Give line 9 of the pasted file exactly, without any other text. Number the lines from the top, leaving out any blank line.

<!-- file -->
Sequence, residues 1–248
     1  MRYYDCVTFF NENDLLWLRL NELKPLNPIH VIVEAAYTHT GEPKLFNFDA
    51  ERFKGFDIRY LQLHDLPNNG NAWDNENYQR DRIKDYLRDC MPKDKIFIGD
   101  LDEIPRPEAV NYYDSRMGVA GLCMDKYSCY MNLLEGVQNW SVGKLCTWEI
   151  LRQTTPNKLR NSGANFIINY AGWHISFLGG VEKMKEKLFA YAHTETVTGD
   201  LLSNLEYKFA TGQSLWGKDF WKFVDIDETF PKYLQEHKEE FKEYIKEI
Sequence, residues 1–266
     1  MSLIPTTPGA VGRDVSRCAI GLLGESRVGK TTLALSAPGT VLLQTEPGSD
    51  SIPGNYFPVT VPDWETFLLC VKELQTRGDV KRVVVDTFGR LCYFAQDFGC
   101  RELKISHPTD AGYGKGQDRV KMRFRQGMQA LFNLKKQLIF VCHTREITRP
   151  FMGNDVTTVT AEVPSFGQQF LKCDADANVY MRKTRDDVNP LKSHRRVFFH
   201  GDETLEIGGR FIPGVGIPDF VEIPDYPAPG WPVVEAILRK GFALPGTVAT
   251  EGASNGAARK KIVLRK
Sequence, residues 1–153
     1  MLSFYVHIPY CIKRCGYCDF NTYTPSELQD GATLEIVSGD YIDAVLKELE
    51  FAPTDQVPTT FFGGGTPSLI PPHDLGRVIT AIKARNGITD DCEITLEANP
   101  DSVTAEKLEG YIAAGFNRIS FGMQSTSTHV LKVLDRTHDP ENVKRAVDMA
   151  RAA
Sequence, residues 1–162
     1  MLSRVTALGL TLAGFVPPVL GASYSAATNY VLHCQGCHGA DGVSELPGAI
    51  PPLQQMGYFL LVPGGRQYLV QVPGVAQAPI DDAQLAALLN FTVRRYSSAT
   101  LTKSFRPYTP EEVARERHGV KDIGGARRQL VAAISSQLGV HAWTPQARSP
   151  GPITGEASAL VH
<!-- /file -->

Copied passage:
    51  SIPGNYFPVT VPDWETFLLC VKELQTRGDV KRVVVDTFGR LCYFAQDFGC